With no Thanksgiving to break up the autumn, folks in Northern Ireland start looking ahead to Christmas as soon as Halloween is over. That doesn’t mean that Belfast lacks for reasons to give thanks. With all its occasional rough spots, Northern Ireland has enjoyed nearly a generation of peace since the Good Friday Peace Accord of 1998. The Peace Wall (below) has become a huge tourist attraction.
Belfast has blossomed as a cosmopolitan, sophisticated city proud of its Irish roots. Nowhere is the renaissance more obvious than on the gastronomic front. Ireland north and south spent 2016 celebrating the island’s great provender, amazing farmers, and legendary fishermen during the Year of Food and Drink.
Belfast’s chefs have broadly embraced that renewed local pride, and menus across the city proclaim the provenance of every meal’s raw materials. That focus on fresh and local has meant an auspicious year for Belfast’s food and drink scene, including stronger international recognition. Walk through the restaurant neighborhoods early in the morning, and you encounter vans delivering sides of dry-aged beef, huge sacks of newly dug potatoes, or some of the world’s prettiest salmon.
Great dining bargains
When the Michelin stars were announced last spring, Belfast gained a second starred restaurant, Ox, to complement Michael Deane’s Eipic. Many of the city’s best chefs, Deane included, have complemented their fine dining with more casual spots where it’s possible to get a bargain lunch or pre-theater dinner. For example, the parsnip soup and wheaten bread lunch here was a weekday special at Deane’s Vin Cafe (44 Bedford St., 028 9024 8830, www.michaeldeane.co.uk/vin-cafe). It cost a measly £5. (The glass of rosé was £5.50, but it was worth it.) As visiting Americans, we enjoyed the additional advantage of a weak post-Brexit-vote pound—about $1.25 to £1.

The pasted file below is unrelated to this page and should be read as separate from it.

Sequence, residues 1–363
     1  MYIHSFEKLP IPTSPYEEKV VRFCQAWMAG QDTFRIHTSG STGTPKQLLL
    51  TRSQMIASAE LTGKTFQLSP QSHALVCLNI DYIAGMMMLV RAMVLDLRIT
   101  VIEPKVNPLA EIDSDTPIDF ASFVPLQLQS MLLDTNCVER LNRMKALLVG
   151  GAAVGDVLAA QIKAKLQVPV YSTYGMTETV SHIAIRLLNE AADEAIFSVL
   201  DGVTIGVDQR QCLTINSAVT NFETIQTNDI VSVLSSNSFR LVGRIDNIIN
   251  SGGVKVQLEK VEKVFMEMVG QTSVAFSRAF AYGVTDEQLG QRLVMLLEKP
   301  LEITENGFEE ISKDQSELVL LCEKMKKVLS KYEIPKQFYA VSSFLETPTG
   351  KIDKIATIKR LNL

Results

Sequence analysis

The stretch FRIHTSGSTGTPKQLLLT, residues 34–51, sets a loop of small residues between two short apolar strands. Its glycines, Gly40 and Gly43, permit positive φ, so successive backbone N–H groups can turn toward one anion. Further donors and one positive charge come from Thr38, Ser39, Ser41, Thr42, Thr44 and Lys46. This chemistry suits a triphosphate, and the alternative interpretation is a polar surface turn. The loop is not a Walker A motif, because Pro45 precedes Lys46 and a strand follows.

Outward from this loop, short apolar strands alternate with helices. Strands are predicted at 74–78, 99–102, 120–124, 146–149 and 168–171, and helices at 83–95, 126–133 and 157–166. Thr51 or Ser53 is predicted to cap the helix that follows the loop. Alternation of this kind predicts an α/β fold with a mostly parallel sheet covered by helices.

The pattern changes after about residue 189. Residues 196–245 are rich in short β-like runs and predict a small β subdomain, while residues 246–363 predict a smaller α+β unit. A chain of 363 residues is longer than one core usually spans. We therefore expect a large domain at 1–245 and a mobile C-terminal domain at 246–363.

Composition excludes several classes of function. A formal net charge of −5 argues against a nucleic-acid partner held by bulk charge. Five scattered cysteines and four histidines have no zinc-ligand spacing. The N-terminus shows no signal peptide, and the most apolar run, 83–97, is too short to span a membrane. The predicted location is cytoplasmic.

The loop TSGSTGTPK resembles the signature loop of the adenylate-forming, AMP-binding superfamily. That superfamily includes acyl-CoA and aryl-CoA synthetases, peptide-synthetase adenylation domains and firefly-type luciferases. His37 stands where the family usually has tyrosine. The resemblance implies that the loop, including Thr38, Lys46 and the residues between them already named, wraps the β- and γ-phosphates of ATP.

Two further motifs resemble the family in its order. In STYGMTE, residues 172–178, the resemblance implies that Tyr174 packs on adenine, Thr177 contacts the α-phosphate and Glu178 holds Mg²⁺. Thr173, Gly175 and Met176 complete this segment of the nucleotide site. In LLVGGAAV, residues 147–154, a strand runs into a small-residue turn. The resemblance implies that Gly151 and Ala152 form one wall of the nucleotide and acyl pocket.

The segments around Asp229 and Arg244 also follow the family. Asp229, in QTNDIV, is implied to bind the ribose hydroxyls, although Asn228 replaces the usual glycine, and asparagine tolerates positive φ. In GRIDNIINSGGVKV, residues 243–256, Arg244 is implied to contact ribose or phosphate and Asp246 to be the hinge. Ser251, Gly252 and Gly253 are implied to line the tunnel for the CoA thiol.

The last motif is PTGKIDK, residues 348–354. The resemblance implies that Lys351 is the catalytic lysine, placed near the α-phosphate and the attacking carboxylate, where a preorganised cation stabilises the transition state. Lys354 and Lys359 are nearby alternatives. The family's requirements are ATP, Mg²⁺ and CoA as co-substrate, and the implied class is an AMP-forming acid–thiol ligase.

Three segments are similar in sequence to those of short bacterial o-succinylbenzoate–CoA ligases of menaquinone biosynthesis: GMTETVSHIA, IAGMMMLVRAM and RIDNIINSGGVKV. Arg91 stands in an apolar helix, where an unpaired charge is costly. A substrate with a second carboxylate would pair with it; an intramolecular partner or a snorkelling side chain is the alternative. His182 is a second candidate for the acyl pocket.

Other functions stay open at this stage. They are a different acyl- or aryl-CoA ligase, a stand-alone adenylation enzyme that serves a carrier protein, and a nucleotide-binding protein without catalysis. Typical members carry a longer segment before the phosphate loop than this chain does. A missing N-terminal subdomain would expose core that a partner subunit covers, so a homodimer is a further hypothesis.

As Belfast celebrates its local foods, many of the city’s best restaurants are also drawing up special holiday menus for the Christmas season. It’s a great time to eat in Northern Ireland’s capital city. In the upcoming posts, we’ll be outlining some places to go and tastes to enjoy. To explore a little online, be sure to see www.ireland.com.